The Function of Lethe

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Coassin, Flavia
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Australian Humanities Press
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When, in the last canto of the 'Purgatorio', Dante-character claims not to remember having ever estranged himself from Beatrice, she reminds him that he has just drunk of Lethe, and adds that his inability to remember is proof of his estrangement. If Lethe were just a generic river of forgetfulness, it would lose the metaphorical complexity of the Lethe of classical myth, and, as a consequence, its inclusion would amount to a mere literary reference that Dante had not been able to resist. This cannot be the case, firstly because these cantos are brimming with such references and the complexity of their meanings and interpretations has to be assumed totally; and secondly because, in making use of myth, Dante never erases or diminishes its original significance but enriches it instead through a Christian perspective, the procedure being one of equation and integration of the truth of pagan myths into Christian truth, just as Matelda equates the myth of the golden age with the Edenic myth. This article examines the function of Lethe in Dante's 'Comedy'.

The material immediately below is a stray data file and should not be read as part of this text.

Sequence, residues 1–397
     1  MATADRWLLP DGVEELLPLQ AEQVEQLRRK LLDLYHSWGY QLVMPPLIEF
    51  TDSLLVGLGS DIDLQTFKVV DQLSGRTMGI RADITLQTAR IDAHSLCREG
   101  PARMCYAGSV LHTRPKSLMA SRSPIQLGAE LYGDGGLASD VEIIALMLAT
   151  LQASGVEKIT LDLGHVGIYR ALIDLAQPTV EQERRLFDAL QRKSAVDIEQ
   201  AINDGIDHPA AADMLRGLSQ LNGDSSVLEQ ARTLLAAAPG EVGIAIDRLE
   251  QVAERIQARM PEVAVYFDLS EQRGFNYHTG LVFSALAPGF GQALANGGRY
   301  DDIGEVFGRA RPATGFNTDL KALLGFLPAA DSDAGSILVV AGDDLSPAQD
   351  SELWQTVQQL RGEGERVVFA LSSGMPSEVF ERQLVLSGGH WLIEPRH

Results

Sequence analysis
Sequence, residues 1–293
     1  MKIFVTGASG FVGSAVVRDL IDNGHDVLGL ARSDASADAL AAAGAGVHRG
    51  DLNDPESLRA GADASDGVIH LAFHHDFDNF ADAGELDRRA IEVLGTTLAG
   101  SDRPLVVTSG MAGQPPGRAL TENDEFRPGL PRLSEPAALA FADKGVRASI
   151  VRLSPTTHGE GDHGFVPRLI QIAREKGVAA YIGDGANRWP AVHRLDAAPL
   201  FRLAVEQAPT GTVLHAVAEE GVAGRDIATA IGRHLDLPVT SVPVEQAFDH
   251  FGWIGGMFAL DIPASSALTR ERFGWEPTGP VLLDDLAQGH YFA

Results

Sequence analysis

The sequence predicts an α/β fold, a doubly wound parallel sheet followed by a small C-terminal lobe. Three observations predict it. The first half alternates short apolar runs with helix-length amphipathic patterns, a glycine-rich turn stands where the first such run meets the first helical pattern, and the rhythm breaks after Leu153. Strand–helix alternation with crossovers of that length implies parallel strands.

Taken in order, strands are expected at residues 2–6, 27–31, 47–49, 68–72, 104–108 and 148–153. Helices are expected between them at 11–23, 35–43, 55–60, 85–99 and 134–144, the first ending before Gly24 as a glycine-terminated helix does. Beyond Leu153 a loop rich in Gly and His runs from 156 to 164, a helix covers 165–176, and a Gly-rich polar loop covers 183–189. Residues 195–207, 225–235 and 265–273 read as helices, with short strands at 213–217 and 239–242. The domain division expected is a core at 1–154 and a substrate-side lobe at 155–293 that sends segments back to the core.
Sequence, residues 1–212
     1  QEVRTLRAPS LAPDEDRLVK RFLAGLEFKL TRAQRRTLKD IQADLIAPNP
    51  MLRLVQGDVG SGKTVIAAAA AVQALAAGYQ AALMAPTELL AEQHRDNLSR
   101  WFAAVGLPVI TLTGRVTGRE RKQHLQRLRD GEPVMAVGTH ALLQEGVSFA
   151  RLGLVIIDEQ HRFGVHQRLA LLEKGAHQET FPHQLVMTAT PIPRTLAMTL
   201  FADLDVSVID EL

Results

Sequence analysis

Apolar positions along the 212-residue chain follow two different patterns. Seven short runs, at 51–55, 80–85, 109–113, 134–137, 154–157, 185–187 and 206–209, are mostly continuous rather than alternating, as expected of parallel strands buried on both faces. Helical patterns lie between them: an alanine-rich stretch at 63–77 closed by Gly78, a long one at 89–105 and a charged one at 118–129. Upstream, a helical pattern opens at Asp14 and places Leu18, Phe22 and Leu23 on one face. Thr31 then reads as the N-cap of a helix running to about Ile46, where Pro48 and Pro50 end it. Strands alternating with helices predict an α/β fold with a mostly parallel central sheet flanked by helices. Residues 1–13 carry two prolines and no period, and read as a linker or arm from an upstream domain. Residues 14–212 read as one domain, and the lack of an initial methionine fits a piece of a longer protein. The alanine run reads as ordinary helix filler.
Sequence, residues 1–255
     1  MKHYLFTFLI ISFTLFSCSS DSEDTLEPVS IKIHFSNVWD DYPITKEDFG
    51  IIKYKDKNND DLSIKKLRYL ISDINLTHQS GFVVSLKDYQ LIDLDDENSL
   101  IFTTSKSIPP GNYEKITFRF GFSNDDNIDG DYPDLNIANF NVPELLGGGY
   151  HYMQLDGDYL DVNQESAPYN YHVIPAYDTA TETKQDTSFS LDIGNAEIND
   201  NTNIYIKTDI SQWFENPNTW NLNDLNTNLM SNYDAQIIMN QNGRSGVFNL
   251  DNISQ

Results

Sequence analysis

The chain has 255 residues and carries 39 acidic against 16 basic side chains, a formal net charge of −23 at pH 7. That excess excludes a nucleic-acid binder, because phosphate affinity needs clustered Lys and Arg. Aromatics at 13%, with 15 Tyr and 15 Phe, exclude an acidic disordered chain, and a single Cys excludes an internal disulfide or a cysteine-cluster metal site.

Dante, Italian literature
Coassin, Flavia 2000. The Function of Lethe. In M. Baker and D. Glenn (eds). "Dante Colloquia in Australia: 1982-1999", Australian Humanties Press: Adelaide, 95-102.